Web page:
I don’t know. Perhaps I am just an old fuddy duddy after all. But I’m one that can speak and write well, at least.

    (bloody hope there aren’t any S&G errors in my post now)

    • Thanks Julia, your response is also very interesting!

      I’m glad you agree that we shouldn’t try to hold back the evolution of English. But I’m particularly interested in what you said about text speak – and how you see it as a sign of laziness. I think your following point – about how we have an eagerness to do everything quickly and simply – is born largely from the increase in technology and social networking that we’re all constantly involved in (text messages, Twitter, Facebook etc); all encouraging us to say what we need to in the shortest possible space/time. The words are shrinking to enable us to say more in less space and in less time. I too write my texts in full sentences, but they often run into 2/3 texts – for the teen on a budget, can they afford to waste 30p on a text?

      As for the writing/spelling correctly, despite the tone of my post, I do agree with you. For me, I take ‘pride’ in being able to write a piece that reads well while also being grammatically correct, but overall, people will be judged on their ability to write both during their education and later, professionally. As a result, it will be beneficial for most people to have a good grasp of writing. I don’t think it’s easy though, and people shouldn’t be made to feel stupid about making small errors, as eventually it can put them off writing altogether!

      • 3 Becky

        A very well-articulated piece that raises some interesting points. I have to admit that my opinions and hypocrisies match yours, but maybe that’s because we’re related?

        My weakness is also comma abuse but add to that a manic enthusiasm for (brackets).

        I disagree with Peterkin’s analysis that textspeak is lazy (although it is a given that all teenagers are, by their nature, lazy (but evidence is emerging that this is a real physiological issue :http://www.bbc.co.uk/science/humanbody/mind/articles/emotions/teenagers/sleep.shtml )). Texting, like Twitter, was designed to be a quick and concise way of communicating, and teens, through their ingenuity and thanks to their amazingly elastic minds have been creative enough to not only cre8 these words and phrases, but to use them to great effect. As with all communications, the vital point is that the message that is being sent is understood by the receiver. Why on earth should they be expected to write something out in full if it is not necessary. No one is grading their text messages.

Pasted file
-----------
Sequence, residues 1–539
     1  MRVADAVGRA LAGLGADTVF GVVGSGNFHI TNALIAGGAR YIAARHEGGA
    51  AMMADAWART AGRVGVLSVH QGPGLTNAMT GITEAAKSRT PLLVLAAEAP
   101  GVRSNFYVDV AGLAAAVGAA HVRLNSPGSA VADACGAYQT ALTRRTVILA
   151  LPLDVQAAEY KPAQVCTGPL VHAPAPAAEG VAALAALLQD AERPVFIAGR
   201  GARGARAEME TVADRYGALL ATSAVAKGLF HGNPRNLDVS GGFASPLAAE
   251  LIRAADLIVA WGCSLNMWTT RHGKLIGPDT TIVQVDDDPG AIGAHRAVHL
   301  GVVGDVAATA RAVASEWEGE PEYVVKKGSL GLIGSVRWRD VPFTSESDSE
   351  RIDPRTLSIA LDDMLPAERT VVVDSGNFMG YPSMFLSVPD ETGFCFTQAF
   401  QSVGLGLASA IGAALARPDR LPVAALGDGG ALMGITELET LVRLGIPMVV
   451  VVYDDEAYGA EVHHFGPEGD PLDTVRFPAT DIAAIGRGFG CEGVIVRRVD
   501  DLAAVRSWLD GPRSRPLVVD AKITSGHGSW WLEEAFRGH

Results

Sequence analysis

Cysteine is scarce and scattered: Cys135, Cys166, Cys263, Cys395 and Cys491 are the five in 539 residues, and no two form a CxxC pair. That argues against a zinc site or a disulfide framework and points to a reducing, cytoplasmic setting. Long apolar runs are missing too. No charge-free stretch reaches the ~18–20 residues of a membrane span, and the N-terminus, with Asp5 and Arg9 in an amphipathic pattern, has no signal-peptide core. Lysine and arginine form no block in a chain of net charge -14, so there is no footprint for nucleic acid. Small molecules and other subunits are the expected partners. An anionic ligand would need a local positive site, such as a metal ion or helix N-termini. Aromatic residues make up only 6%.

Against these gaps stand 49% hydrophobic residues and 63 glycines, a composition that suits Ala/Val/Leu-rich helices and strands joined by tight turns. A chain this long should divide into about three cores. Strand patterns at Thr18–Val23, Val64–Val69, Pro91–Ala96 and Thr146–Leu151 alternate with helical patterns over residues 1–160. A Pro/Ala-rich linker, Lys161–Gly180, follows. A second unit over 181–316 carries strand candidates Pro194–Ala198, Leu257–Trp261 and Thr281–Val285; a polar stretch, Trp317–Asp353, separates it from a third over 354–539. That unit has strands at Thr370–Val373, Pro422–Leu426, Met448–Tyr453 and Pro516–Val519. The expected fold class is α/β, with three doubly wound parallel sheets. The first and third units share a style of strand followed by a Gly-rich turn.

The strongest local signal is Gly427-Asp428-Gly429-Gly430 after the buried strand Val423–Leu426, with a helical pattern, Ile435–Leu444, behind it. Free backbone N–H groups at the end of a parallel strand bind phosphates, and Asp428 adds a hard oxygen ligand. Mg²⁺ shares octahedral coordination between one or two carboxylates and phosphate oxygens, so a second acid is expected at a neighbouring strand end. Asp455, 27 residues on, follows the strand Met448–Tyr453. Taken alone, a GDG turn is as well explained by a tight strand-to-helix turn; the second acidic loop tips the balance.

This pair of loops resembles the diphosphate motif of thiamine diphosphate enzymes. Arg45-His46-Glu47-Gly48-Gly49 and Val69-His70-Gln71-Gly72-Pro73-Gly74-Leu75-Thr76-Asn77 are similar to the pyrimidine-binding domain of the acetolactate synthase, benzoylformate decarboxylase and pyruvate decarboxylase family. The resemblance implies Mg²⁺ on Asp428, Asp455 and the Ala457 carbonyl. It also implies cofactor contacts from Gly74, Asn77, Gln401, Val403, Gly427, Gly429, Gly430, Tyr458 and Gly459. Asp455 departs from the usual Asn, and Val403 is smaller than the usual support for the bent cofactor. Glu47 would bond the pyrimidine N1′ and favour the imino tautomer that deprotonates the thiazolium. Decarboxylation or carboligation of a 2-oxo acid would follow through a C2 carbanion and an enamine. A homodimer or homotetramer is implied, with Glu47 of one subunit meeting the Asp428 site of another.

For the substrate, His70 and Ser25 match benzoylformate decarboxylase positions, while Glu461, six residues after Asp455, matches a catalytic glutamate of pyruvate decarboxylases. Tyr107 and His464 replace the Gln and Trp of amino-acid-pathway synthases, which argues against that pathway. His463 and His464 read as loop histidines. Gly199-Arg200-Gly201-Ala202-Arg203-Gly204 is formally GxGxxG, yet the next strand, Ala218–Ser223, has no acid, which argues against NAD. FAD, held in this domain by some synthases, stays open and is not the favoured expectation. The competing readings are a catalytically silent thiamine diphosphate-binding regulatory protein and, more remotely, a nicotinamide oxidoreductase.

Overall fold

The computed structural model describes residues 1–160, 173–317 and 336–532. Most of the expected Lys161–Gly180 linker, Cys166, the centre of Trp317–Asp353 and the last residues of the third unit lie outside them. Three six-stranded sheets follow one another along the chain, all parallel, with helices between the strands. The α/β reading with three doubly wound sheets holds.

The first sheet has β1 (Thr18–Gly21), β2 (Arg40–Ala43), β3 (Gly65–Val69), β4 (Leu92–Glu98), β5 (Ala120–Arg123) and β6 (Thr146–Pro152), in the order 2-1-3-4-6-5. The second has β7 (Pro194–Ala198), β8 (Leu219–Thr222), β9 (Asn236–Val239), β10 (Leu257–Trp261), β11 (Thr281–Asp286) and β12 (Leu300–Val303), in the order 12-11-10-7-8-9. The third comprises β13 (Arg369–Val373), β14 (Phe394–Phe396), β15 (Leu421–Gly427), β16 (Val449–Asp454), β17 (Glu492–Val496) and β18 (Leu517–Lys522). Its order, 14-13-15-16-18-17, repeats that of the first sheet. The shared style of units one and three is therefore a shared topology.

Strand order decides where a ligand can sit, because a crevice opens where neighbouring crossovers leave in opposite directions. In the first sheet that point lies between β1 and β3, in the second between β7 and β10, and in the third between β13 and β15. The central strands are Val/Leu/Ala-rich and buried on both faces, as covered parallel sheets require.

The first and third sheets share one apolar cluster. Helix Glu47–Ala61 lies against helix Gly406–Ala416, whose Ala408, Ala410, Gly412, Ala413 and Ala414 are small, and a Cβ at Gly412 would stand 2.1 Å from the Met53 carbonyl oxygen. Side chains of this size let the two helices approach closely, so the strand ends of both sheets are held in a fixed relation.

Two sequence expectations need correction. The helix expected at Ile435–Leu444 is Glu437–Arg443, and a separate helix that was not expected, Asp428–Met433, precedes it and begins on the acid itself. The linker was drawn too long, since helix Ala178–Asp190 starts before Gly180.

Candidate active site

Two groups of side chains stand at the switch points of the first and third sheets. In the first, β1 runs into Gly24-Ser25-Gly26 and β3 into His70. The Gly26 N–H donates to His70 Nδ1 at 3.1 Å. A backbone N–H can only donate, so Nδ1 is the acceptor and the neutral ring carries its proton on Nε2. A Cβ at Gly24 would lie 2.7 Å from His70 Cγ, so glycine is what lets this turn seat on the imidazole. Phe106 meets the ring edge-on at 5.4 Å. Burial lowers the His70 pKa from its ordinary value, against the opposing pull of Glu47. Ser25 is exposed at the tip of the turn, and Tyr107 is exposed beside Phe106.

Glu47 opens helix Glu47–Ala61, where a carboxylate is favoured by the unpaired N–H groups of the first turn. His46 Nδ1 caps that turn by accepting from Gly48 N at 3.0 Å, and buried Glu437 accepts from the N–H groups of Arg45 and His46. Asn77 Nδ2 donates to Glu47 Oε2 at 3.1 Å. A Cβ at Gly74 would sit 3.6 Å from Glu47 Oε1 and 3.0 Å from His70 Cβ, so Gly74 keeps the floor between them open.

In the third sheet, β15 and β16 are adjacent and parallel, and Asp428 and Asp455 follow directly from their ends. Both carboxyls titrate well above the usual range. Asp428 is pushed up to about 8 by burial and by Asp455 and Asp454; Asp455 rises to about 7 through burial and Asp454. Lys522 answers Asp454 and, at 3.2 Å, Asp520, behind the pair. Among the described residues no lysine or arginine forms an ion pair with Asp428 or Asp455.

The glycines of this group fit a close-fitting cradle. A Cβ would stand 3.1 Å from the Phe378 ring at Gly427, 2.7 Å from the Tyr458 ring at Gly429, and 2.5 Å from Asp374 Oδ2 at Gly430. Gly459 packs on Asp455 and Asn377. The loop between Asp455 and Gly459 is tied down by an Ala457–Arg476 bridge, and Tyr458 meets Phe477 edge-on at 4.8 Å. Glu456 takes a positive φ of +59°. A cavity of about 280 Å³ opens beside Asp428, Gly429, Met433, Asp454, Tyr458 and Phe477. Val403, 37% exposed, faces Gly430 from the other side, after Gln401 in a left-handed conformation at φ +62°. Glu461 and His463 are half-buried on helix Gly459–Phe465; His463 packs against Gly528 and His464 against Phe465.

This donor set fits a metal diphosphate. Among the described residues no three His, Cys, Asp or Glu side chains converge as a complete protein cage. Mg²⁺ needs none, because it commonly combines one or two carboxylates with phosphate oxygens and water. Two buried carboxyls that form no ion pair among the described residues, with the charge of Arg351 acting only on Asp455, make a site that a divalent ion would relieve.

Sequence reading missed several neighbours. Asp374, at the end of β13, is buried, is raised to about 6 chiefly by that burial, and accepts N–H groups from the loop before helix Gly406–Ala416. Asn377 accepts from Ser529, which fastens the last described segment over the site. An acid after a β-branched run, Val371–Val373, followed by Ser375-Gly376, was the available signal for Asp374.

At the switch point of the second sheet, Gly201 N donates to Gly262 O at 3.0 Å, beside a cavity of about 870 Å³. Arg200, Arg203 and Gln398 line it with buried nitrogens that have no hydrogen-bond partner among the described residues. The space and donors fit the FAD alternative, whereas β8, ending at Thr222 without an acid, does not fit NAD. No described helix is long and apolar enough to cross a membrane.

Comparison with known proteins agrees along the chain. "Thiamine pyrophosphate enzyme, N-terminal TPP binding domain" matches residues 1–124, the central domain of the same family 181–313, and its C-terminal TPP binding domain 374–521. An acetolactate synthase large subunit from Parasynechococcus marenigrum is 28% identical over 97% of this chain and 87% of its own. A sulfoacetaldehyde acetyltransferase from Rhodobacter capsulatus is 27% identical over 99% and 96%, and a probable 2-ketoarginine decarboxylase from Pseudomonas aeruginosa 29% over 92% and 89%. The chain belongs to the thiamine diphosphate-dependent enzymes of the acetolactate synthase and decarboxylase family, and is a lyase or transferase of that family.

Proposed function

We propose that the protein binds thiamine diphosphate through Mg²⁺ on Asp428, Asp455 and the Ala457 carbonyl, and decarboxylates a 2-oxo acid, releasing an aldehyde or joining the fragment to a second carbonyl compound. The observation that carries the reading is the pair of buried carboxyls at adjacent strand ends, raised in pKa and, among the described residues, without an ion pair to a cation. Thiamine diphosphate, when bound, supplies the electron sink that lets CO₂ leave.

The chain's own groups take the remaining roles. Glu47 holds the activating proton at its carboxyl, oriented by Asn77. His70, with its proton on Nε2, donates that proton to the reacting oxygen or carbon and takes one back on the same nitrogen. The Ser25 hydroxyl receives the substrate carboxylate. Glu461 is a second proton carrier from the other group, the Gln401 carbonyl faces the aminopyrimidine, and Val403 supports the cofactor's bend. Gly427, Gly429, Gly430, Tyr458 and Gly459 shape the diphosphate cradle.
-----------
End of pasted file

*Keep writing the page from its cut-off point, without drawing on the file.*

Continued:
The important point with da youf of today is that they are able to switch registers from informal text and verbal banter to a more formal written mode when required, and perhaps this is where they are falling foul….but then every generation has the view that the standards of the upcomers are falling and that we’re all going to hell in a handcart (or something)!

      • Hi Becky. I don’t think that we agree because we are related – maybe just because we both study languages?

        I agree with what you say about text speak, but I don’t think it comes across as being ‘ingenius’ to our generation as ‘text speak’ feels like a ‘dumbing down’ of the language; whether it actually is or not is another matter. As in my post and your comment though, I think the ‘youf’ (as you put it) are adapting to the world as it currently stands and doing a pretty efficient job of it.

        Switching registers is something we all do on a regular basis, and of course some of us are ‘better’ at it than others! I think this is part of the reason why English teaching in schools is shifting towards ‘literacy’ instead of more literature based curricula; to help children navigate these linguistic mine fields.